Having unveiled the government's spring budget earlier in the day, Borg returned to parliament where his fellow MPs were at the ready to rip the proposal to shreds.
Social Democrat MP Fredrik Olovsson told the Riksdag that unemployment had now reached eight percent, a significant jump since the government came into power in 2006.
"Despite this, Borg's budget has no focus on unemployment," Olovsson told his parliamentary colleagues. "In conjunction with tax cuts the unemployment will increase the deficit."
Borg responded that the Social Democrat-led opposition, in contrast to his government, had no clear plan for steering the country's economy. He asked, later in the debate, that the three main opposition parties tell the voters what was in store, rather than offering piecemeal critique.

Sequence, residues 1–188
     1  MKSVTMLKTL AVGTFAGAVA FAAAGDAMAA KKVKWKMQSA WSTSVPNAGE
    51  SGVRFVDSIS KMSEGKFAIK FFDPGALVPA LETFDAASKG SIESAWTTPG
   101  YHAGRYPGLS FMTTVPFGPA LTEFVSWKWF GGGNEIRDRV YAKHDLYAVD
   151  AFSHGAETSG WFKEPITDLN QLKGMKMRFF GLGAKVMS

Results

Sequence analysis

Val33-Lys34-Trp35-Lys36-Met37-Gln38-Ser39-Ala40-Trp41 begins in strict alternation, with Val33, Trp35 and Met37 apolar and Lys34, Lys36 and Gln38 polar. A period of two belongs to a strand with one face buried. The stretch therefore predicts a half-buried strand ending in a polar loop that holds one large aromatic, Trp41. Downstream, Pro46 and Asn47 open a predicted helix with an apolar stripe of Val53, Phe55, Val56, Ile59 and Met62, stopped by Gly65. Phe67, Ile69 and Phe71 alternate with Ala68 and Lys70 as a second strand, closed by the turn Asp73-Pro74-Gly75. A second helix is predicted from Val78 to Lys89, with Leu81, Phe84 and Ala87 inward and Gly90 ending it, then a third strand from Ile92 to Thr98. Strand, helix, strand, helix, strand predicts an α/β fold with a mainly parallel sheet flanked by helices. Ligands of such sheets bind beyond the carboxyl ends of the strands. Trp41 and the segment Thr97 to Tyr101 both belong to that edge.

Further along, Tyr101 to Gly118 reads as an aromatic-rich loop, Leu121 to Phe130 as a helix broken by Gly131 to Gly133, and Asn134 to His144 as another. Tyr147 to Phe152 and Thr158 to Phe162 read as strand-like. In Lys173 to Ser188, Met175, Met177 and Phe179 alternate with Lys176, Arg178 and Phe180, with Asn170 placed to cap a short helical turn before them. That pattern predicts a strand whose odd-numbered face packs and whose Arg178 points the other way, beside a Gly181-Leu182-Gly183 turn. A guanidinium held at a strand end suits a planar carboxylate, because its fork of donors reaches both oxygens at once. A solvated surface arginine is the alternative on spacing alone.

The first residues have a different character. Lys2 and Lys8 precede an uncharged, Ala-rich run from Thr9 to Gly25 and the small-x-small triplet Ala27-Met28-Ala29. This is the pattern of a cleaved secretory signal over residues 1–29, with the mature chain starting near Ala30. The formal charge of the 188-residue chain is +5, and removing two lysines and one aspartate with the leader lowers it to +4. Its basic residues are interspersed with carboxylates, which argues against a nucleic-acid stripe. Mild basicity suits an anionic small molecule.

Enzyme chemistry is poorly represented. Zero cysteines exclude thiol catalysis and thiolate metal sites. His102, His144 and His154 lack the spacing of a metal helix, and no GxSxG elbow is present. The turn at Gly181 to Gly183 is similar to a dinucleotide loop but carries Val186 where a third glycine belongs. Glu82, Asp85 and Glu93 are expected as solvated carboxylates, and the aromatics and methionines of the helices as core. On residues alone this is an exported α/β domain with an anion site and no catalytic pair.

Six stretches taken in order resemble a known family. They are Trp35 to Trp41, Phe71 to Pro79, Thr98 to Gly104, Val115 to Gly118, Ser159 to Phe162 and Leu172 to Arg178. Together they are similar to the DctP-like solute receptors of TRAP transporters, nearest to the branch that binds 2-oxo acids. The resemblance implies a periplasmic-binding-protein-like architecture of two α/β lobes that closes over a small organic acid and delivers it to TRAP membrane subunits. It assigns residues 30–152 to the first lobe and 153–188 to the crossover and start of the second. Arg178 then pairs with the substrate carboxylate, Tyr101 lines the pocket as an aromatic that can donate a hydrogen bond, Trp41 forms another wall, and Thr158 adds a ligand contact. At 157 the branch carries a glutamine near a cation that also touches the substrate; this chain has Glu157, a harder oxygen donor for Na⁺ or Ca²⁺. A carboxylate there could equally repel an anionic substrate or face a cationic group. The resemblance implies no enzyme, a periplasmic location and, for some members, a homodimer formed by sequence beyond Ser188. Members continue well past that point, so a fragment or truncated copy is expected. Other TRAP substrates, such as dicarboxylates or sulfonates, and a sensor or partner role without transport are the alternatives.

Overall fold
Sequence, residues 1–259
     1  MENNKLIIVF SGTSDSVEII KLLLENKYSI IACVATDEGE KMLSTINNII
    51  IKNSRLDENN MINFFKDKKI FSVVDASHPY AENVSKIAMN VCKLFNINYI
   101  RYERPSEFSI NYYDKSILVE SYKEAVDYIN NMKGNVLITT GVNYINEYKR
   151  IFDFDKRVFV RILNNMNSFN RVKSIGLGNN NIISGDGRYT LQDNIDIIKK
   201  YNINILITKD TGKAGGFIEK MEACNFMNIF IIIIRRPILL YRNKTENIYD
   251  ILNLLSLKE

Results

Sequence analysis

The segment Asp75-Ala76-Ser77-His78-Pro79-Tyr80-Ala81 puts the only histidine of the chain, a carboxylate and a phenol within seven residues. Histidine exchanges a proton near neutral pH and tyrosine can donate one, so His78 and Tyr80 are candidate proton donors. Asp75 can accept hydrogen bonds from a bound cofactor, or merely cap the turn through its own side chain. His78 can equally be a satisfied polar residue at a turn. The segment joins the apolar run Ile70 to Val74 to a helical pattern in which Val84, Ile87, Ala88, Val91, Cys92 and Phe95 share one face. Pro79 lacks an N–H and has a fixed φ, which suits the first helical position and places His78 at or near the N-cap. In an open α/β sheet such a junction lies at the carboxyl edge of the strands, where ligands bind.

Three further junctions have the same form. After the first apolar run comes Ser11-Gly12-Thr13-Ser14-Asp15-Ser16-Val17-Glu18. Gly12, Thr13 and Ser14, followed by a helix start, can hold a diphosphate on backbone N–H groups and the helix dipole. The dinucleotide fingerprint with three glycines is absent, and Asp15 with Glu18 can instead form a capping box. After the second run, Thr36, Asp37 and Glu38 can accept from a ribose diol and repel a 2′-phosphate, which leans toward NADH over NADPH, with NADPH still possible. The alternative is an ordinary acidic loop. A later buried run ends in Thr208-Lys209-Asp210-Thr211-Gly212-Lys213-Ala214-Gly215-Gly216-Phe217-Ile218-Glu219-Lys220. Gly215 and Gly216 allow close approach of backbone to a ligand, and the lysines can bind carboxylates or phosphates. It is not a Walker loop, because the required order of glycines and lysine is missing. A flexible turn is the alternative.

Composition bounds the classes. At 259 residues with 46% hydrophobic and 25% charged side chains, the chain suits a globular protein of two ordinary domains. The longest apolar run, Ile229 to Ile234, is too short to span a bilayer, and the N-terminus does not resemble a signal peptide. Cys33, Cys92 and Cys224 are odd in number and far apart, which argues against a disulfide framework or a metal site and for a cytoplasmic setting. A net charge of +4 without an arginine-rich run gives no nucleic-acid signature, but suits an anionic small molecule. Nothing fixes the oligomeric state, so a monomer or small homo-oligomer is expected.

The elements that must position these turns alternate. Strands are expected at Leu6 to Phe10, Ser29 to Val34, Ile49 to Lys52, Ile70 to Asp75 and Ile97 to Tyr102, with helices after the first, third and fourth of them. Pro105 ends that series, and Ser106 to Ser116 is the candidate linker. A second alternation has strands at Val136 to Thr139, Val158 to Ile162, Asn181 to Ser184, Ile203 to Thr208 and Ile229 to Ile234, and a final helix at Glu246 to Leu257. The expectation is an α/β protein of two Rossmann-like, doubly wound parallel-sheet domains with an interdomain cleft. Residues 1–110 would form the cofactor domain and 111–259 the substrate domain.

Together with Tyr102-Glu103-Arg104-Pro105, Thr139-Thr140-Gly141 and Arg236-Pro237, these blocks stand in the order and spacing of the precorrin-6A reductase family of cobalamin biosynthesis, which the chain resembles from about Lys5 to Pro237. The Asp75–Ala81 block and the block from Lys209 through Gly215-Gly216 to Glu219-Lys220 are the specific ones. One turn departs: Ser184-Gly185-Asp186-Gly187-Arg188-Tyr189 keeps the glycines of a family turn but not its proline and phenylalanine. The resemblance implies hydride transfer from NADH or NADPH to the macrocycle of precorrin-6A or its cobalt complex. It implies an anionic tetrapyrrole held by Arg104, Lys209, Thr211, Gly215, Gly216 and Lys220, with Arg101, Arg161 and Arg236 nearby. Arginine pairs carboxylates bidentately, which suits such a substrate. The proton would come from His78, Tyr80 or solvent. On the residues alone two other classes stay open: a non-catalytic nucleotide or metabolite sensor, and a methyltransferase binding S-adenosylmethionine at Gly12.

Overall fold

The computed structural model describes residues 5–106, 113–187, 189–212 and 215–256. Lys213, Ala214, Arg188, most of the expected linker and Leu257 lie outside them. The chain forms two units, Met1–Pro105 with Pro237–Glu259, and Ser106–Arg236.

He also faced flack from the third largest party in parliament, the Greens, as MP Per Bolund highlighted new figures from Statistics Sweden. Unemployment has gone up in all counties across the country with Stockholm the only exception, he noted.
Also the minority Sweden Democrats took to the floor to lambast Borg, stating that the motto 'crown-for-crown' to keep public finance in order did not cover immigration costs nor Sweden's fees to the EU. Sven-Olof Sällström claimed the government prioritized refugees over Swedish school students, and used Syrian nationals' blanket permission to stay in Sweden as an example.
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Borg, however, quickly underscored that asylum issues were handled by state agency the Migration Board, not by the government, and that the true difference in opinion in the matter was not one of finances, but whether or not Sweden should be a safe haven to people in need.
"In that matter, we have different opinions," Borg told Sällström succinctly.